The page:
ICI Supports SEC’s Examination of Proxy Issues

Proxy System Can Be Improved to Better Serve All Market Participants

Washington, DC; March 15, 2019—The proxy system is vital to US capital markets and should be modernized, says the Investment Company Institute (ICI) in a comment letter filed today.

“We applaud the Securities and Exchange Commission (SEC) for assessing proxy issues,” said ICI President and CEO Paul Schott Stevens. “As both investors and issuers, funds have a strong interest in a well-functioning, cost-efficient proxy system. Enhancing the transparency of proxy voting, improving communication among relevant stakeholders, and updating shareholder proposal requirements would help better serve and advance investors’ interests.”

ICI’s letter provides important perspective and recommendations on specific aspects of the proxy system, including disclosure requirements, communication among market participants, shareholder proposals, and the system’s “plumbing.”

Extend Transparency to Other Investors

Regulated funds take their proxy voting responsibilities seriously. As part of these responsibilities, funds must publicly disclose the actual votes they cast. ICI research shows that regulated funds account for less than one-third of the overall share of US corporate equity, while other institutional and retail investors account for more than two-thirds. ICI’s letter urges the SEC to consider requiring other institutional investors—not just funds—to disclose their votes. ICI explains that calling for all institutional investors to do so would increase transparency in the proxy system (pages 10–11).

“Pass Through” Voting Is Utterly Misguided and Impractical

Funds cast their proxy votes in the best interest of their shareholders. Some parties have proposed requiring mutual funds to consult shareholders before voting on a proxy proposal for each portfolio company. This would essentially “pass through” the fund’s voting decisions to its shareholders. ICI’s letter strongly advocates against this idea, explaining why it is misguided and would be extremely impractical for both funds and their investors.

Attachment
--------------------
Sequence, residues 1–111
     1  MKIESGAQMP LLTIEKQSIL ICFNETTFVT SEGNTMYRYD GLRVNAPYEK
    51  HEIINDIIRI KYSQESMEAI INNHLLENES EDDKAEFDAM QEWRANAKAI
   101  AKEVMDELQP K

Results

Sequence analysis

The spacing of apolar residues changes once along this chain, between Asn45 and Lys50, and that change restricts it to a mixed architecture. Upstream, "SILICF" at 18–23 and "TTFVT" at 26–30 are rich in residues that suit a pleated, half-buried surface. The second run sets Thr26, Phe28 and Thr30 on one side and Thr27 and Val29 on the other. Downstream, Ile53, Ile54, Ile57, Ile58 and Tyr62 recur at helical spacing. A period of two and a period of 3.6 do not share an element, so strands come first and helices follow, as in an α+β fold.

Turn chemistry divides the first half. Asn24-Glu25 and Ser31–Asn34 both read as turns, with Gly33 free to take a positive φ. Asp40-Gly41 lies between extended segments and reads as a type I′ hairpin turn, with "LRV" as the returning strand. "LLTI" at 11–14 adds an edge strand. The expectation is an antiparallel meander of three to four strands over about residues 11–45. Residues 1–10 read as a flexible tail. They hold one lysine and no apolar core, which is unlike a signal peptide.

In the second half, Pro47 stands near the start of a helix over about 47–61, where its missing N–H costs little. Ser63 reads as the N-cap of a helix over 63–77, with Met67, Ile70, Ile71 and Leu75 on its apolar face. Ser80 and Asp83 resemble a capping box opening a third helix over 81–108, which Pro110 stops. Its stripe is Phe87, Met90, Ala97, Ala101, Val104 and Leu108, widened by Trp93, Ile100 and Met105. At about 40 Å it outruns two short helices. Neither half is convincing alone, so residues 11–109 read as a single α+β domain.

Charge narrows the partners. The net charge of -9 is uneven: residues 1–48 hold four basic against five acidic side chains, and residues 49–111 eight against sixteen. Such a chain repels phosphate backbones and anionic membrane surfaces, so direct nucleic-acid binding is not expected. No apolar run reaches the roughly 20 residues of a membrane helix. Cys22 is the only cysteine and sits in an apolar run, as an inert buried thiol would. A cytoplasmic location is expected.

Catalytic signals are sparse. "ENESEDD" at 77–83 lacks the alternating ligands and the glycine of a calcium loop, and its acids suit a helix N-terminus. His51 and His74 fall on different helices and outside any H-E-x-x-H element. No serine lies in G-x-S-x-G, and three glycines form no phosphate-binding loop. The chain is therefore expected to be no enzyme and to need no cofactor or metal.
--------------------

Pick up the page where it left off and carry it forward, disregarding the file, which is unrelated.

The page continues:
According to ICI research, an average mutual fund votes on more than 1,500 separate proxy proposals a year. If mutual funds were required to get shareholders’ opinions on each proposal, a fund would have to contact, obtain, and process feedback from thousands or even millions of shareholders within the highly compressed proxy season. This would heavily burden funds and their shareholders.

In addition, many investors hold shares in more than one fund, meaning they would receive and be expected to respond to countless proxy notices. Based on retail investors’ relatively low response rates to existing proxy notices, there is no reason to believe that those same investors would want to vote on hundreds or thousands more proxy proposals—or pay the associated costs (pages 11–12).

Improving Communication Would Benefit All Market Participants

Constructive communication among the relevant market participants is important. In its letter, ICI emphasizes that funds should be able to receive independent, objective, and accurate information from proxy advisory firms in a timely and cost-effective manner. ICI suggests that the SEC explore how it could help investors more easily access public companies’ objections to proxy advisory firms’ recommendations.

The letter underscores that any solution must be crafted so that it doesn’t burden funds or compromise the objectivity of proxy advisory firms’ reports. Making it easier for companies to convey their concerns about proxy advisory firms’ research and recommendations to investors would help shareholders have more complete and accessible information before casting their votes (pages 13–14).

Enabling Funds to Confirm Their Votes Are Cast as Instructed Is Critical

ICI strongly encourages the Commission to consider a rule that would make it easier for shareholders to affirm that their votes were cast correctly. Any new rule should enable investors to verify their votes, permit flexible alternatives to encourage competition, and be technology-neutral to allow for improvements over time (page 17).

Additional Recommendations

Finally, ICI’s letter recommends:

  • Improving the shareholder proposal process by reviewing and reconsidering the criteria for resubmissions (pages 15–16)
  • Revamping the SEC’s internal process for deciding whether a public company may exclude a shareholder’s proposal (page 16)
  • Making it more efficient and cost effective for funds to solicit shareholder votes in response to fund proxies (pages 17–18)